Well done Magnum Mac Wellington
My MacBook Pro 17 died on Friday.
It failed to restart after running the software upgrade for the magic mouse. I tried the usual tricks (Apple has a good knowledgebase) and then twittered the failure and headed for Magnum Mac, Mac in hand.
I’ve been there plenty of times, but never to the service department. The wait was short, but painful – any wait when you have a broken computer in hand is painful. Meanwhile the lazyweb (Twitter) was responding, and I not only did I have a likely diagnosis (thanks @johnclegg – dead main logic board) but also a pointer to someone that could replace it for cheaper than the apparently $2,000 I was up for (thanks to @gnat).
I paid Magnum Mac $60 for the mac to be looked at, and another total of $120 (all +GST) for priority service. I fully support the ability to jump the queue by paying more – it’s a simple way to both price discriminate and to differentiate those customers that really are in a hurry from those who can make do. It’s also under-used by everyone. Why can’t I pay more through an 0900 number to get an immediate and local answer to my customer service calls to Telecom or Vodafone?
Priority service meant my mac would get looked at within the hour – important on a Friday at 12:56pm. The tech suspected it was a stuffed board, and put me onto their text service, whatever that was.
I soon found out – with the first text at 1:19pm – the repair status was “in Progress” apparently. That was good.
At 14:25 the next text came in – the repair status was now “waiting on parts”. I called immediately – not wanting to drop $2,000 on parts.
It was great news – as it turns out that my computer was one of those affected by the NVIDIA graphics chipset issues, and the replacement main logic board would be for free. Even better, the part would arrive on Monday.
At 10:57 today, Monday, I received another text – “in Progress”, and at 12:00 I got the “Completed” text. I picked it up and was up and running immediately.
Total elapsed time was less than a working day. That is simply stunning, and a huge turnaround from the service levels of the past.
Total cost – $202.50 – less than the Applecare cost, of which more shortly.
Lessons for service providers
Offer a premium service to customers in a hurry and/or with more money. Why can’t I pay more through an 0900 number to get an immediate and local answer to my customer service calls to Telecom or Vodafone?
Deal with repairs quickly – get your systems and processes right and you’ll get the fixed products back to customers within the day. That makes your costs low, customers happy and for a happy work environment.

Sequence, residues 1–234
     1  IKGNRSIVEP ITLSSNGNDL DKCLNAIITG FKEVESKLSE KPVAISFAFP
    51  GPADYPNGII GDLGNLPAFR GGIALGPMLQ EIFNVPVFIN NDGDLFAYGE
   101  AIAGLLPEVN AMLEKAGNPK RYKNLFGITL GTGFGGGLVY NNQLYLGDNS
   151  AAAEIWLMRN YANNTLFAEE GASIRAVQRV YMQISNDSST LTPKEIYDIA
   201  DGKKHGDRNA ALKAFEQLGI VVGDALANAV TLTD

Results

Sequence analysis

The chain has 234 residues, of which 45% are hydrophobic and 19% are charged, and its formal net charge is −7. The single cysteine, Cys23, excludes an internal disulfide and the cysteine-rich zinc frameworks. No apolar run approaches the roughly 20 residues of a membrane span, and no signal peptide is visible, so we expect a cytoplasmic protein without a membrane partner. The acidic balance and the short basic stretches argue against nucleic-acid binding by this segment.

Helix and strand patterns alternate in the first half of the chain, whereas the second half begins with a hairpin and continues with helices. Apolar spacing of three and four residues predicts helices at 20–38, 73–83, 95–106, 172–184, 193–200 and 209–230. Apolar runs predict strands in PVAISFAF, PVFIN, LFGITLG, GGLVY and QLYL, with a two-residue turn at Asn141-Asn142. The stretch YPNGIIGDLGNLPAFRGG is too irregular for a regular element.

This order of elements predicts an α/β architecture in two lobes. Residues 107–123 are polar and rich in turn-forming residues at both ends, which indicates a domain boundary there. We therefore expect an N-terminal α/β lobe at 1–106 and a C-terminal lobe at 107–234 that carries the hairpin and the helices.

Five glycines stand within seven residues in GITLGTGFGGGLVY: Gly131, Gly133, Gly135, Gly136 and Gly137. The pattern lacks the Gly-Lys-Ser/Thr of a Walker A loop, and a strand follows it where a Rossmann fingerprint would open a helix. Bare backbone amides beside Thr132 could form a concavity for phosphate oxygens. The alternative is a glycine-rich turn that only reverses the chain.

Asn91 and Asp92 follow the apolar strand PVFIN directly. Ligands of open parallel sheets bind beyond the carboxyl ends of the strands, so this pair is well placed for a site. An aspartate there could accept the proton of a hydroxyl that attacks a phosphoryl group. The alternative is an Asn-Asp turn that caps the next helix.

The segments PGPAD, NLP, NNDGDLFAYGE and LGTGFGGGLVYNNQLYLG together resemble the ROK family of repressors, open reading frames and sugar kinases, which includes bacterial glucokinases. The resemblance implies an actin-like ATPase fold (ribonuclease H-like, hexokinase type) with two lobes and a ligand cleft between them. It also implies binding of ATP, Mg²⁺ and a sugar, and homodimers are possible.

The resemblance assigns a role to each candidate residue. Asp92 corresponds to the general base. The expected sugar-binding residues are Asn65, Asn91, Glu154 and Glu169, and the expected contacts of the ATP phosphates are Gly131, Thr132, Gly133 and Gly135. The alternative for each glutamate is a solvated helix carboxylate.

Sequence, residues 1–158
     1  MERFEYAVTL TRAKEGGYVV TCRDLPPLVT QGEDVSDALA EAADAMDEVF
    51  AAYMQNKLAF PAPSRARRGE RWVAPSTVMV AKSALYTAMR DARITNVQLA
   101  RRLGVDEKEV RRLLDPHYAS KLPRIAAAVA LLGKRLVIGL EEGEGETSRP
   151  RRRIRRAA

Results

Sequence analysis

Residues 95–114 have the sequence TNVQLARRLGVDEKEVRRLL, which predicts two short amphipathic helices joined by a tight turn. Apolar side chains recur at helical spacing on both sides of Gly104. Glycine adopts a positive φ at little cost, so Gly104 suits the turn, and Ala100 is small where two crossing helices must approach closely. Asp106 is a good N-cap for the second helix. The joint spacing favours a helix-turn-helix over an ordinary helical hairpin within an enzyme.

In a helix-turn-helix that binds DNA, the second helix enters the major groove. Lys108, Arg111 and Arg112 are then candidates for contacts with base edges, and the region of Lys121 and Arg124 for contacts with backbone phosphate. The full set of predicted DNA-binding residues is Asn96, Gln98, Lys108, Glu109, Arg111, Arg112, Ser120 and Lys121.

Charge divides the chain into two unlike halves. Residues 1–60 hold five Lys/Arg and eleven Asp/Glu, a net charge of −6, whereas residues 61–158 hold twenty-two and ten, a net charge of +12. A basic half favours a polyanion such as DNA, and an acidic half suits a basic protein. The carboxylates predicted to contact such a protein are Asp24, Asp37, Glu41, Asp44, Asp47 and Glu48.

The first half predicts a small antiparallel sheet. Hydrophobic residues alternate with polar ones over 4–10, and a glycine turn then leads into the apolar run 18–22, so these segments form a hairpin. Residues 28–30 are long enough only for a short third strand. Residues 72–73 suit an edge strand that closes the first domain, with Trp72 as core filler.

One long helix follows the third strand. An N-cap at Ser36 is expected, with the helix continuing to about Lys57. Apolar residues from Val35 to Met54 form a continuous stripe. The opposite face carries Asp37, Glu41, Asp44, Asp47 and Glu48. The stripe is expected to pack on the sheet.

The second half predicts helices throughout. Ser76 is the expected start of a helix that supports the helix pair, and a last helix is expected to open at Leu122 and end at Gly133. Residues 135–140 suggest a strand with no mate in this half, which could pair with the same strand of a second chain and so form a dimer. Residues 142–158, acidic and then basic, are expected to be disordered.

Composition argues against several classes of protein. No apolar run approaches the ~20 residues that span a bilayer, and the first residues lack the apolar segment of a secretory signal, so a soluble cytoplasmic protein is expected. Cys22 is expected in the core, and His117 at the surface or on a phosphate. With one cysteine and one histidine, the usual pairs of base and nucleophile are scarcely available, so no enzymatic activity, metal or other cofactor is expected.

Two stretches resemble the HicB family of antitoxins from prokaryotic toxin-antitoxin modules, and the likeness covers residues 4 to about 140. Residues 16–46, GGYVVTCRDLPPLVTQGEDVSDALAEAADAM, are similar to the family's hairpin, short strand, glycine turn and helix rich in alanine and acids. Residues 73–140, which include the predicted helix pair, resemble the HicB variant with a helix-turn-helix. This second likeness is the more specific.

Find a way to make it free – or at least cheap. That means working the claims for the customer, sourcing better parts for cheaper and employing technical staff that are great at what they do so they can do it efficiently.
Lessons for customers
Go to the professionals. Just as with my BMW motorcycles I went to a service center that specialises in the products. For BMW that might mean an aging guy in a tiny garage in Mendoza, Argentina, or the Auckland’s Experience BMW. For Apple it meant first trying the local dealer.
Know your rights. In New Zealand it is simple – the Consumer Guarantees Act states:
Goods must be:
- fit for the purpose they are made for
- durable – last for a reasonable time
- have no minor defects
- acceptable in look and finish.
It was well past the purchase date, but it turns out that Apple sold a product that was not fit for purpose or durable – it didn’t do what it said it would on the box for long enough. That meant they were liable under New Zealand law, and under the US system of lawsuits, and that customers would not have to pay for a fix.
Check the manufacturer warranty. Apple covers all of their computers for a year – for free. For me, and from what I observe, for others, computers either work out of the box or they fail fast. If they work for the first month or two then, viruses and dropping accidents aside, they are likely to keep going forever. (This does not apply to media drives, but then you should be replacing those regularly anyway.) So you can take your computer home with confidence, knowing that under NZ law and probably the standard, free, warranty you can return it for repair.
Make noises. The NVIDIA issue was ignored by Apple for a while, but eventually the sheer weight of dissatisfied customers forced their hand, and they settled with NVIDIA and offered the free replacement program. Similarly you can make noise – either by adding your voice to the others, by twittering, blogging and doing wharever people do on Facebook, or by getting a little more personal in store. Be reasonable and polite, and give the vendor the chance to make amends.
So I was lucky – the main logic board was covered by the settlement and replacement was free. As a mac fanboi I’m obliged to say that it was only the high quality of Apple’s product that kept it going for so long in spite of NVIDIA’s flaw, but then that would be asking for another failure. So instead I’ll mention that I did have an alternative, non-official, service provider. I didn’t use him, so my next Never buy the warranty post will be about another experience that I had – in Mendoza, Argentina.